Duncan Vizlas is smooth sailing into retirement is interrupted when the firm he works for is trying to kill him.
Based on the Dark Horse graphic novels by Victor Santos, this film intrigued me for one reason: Mads Mikkelsen. This man is one of the finest actors working today and seeing him tackling a ‘John Wick’-like role earned my interest.
My interest was rather wryly recompensed. This movie is painfully crass. Deliberately aiming for an over the top pulpy feel evident of an adult graphic novel, but what this movie never realised was how quickly it was drowning in its gratuitous violence and loitering stupidity.
The stupidity came as the corollary result of not deciding on a tone. Watching Polar was like watching two different movies play out. One of which involves a solemn Mads Mikkelsen trying to live peacefully, the other sees a group of young mercenaries going around to each of the properties (owned by him), and gruesomely murdering each tenant.
There’s no mix, there’s no consistency. Because every transition, every stupid piece of writing only creates a cacophony as opposed to a fluid experience. That’s what this movie was – a painfully crass cacophony. Every scene transition features a loud sound effect and it became vehemently annoying after the first three edits.
The violence also seems confused. There’s one scene where this incredibly obese character gets blown to pieces by the young mercenaries and I just thought: “Why do we need this? I’ve only met this character and he’s been turned into spaghetti Bolognese. Why?”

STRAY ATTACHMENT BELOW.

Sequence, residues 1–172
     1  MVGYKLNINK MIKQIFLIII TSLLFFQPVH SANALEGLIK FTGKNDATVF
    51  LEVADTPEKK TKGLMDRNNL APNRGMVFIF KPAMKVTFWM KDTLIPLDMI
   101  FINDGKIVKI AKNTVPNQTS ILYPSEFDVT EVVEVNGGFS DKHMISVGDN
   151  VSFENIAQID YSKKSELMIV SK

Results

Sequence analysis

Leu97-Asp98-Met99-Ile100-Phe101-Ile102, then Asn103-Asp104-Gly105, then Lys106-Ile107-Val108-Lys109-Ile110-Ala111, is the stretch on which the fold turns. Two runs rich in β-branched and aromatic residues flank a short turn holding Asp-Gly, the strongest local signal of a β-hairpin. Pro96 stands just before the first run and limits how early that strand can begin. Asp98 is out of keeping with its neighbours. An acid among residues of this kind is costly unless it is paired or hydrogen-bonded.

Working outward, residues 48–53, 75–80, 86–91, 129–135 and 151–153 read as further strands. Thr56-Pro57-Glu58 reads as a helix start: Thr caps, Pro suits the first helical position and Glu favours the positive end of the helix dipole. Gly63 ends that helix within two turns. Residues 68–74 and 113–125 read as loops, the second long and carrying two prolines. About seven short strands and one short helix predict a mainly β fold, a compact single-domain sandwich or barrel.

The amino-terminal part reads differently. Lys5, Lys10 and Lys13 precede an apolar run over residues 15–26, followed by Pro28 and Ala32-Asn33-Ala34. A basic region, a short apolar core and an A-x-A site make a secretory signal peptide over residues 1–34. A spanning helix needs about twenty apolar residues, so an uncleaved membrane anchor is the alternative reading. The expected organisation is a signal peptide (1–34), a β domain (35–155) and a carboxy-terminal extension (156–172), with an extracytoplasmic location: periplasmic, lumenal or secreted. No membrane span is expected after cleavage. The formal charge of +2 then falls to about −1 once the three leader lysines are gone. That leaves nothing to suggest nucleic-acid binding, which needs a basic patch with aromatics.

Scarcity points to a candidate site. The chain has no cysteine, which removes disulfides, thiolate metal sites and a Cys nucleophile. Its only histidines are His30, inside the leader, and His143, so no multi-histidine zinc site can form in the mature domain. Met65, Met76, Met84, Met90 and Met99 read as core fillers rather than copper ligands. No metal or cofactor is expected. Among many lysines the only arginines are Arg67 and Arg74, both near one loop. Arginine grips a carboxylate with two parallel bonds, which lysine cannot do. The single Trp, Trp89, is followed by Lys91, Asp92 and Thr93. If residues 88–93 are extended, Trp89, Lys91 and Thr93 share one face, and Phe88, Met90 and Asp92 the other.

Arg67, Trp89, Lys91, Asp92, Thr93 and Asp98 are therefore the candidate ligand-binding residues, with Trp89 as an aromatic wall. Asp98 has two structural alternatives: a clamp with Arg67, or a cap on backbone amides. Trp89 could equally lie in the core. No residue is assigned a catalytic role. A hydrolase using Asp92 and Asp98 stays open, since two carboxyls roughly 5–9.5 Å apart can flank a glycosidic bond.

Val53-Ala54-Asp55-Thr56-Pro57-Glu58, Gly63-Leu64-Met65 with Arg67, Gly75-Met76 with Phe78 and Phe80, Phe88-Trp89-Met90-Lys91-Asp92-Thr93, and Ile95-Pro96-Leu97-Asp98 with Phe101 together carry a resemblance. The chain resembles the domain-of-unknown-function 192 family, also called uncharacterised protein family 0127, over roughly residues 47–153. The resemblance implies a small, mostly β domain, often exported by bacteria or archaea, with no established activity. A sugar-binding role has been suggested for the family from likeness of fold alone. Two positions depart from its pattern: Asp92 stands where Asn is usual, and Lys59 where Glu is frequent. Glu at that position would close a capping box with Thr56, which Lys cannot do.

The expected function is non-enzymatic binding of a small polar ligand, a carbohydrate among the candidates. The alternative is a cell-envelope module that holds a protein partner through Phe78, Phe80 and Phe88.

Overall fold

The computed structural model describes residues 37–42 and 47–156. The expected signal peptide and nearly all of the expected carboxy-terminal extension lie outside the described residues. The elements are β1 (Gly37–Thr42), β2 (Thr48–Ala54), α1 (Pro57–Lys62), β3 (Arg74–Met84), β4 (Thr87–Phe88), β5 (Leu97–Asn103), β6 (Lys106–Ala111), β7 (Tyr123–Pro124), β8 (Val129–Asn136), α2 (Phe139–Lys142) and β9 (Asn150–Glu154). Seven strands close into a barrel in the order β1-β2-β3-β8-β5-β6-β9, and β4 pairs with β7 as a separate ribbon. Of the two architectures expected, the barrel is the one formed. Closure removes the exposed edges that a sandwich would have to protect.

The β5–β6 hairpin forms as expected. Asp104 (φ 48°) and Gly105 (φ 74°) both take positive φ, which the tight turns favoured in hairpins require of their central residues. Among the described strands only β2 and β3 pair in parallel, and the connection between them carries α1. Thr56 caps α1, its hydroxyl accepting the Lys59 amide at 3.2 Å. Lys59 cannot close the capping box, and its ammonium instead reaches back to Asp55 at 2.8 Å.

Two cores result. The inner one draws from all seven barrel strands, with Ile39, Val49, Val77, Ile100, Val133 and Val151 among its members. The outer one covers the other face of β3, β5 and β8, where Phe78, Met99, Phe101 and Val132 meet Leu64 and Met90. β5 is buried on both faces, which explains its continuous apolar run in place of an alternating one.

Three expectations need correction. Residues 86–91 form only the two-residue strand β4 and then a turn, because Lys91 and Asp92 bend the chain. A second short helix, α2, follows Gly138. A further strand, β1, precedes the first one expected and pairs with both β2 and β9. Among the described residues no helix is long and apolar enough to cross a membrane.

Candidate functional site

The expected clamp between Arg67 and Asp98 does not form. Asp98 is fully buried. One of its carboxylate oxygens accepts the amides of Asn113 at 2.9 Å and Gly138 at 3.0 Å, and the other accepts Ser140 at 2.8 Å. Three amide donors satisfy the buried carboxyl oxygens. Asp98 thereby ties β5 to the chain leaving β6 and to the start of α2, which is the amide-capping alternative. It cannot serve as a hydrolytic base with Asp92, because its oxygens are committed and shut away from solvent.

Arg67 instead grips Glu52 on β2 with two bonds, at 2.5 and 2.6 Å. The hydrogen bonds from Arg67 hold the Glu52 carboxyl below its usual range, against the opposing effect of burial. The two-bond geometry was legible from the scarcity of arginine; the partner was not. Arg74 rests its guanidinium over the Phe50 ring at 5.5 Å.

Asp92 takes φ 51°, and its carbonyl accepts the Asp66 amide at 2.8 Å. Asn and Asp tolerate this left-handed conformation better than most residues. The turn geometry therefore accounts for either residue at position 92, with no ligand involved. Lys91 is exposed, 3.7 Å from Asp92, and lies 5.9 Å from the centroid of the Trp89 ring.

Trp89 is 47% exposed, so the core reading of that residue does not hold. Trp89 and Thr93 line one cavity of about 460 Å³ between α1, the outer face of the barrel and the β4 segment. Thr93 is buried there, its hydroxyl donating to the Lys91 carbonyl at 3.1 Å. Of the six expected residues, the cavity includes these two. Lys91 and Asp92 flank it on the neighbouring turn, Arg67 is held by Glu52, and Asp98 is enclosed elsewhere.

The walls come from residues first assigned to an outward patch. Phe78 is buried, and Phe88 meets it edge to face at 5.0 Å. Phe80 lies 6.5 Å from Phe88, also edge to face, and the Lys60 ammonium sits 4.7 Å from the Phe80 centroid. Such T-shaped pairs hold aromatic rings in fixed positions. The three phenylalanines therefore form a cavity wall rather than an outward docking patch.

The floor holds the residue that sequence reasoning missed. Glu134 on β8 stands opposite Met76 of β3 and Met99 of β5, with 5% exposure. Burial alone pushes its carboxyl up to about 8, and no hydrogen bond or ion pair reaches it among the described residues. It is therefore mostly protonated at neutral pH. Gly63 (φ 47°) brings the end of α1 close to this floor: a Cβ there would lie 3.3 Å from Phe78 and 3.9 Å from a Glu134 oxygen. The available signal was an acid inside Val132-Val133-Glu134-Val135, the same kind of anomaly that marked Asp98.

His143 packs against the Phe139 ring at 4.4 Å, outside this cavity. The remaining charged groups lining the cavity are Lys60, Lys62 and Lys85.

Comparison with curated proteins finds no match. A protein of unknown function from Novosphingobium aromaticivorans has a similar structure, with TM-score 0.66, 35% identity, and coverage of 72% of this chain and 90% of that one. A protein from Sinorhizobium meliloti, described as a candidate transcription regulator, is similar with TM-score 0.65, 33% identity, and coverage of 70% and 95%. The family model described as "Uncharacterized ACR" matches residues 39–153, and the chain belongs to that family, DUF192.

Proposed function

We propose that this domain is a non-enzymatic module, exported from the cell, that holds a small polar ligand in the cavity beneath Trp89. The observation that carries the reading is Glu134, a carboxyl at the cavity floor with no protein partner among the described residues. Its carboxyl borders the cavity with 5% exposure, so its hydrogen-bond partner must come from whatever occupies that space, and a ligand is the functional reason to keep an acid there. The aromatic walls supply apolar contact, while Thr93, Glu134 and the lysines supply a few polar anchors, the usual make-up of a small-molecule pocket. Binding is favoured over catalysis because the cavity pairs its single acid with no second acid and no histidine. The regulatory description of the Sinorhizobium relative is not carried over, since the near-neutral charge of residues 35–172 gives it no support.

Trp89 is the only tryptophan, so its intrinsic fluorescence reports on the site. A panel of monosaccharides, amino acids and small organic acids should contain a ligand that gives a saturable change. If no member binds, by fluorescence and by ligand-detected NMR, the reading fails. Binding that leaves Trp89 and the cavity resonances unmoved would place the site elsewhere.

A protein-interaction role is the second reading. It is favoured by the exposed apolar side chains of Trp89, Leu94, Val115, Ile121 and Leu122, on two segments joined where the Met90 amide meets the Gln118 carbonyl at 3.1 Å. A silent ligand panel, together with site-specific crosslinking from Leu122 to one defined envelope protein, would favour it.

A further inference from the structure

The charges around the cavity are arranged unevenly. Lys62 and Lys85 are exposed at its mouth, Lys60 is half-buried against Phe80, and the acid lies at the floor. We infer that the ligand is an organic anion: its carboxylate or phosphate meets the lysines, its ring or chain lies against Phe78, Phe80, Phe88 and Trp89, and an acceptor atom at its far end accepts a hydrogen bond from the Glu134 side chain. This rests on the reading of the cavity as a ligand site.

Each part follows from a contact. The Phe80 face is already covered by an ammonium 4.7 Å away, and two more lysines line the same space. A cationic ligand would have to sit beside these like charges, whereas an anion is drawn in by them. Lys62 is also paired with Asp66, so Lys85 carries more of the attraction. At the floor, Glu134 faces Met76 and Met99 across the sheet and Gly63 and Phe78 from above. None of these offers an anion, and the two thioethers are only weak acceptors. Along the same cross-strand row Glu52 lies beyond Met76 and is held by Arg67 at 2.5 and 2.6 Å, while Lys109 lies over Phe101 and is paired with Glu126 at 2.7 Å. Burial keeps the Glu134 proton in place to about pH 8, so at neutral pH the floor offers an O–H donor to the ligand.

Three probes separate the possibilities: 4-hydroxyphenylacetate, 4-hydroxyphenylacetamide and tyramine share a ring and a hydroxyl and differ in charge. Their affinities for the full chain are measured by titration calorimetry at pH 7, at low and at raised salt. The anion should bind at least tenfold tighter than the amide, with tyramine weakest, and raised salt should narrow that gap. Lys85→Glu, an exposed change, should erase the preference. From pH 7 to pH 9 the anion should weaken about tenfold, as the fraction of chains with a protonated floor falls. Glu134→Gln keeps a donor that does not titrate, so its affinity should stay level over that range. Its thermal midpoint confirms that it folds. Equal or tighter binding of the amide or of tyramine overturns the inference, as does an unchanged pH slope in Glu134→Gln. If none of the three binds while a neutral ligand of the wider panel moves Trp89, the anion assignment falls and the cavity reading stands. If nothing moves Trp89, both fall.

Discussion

There’s another scene where Mikkelsen’s character gets tortured and it’s depicted so morosely and so sickly that it just becomes disgustingly unpleasant. There’s no consistency with the violence because, at that point, I don’t know if it’s trying to be silly or serious.
That’s the problem with Polar. This movies emphasis on the violence and its petulantly pulp style is all it’s invested in. Because the character development (when present) feels so lost among the gore, the intimate moments between Mikkelsen and Vanessa Hudgens become easier to forget once the movie is over.
Speaking of which, these two are the highlight of the movie. They have two very strong scenes together where I could see them really listening to each other and absorbing what each person is saying. It’s a shame because some other moments are actually very awkwardly written and the way their relationship progresses especially by the end, it became very rushed.
Mikkelsen in particular is terrific. Lending a durable vulnerability and badass vibe to the role that kept me glued. But he couldn’t save this thing, this movie doesn’t deserve him.
This Netflix original became so distractingly noisy and so gormlessly violent that it ceased to have any humanity. It’s not cool, it’s not edgy, it was shock for the sake of shock. It’s an inconsistently dismal crass mess.
Written by Seán Mac G.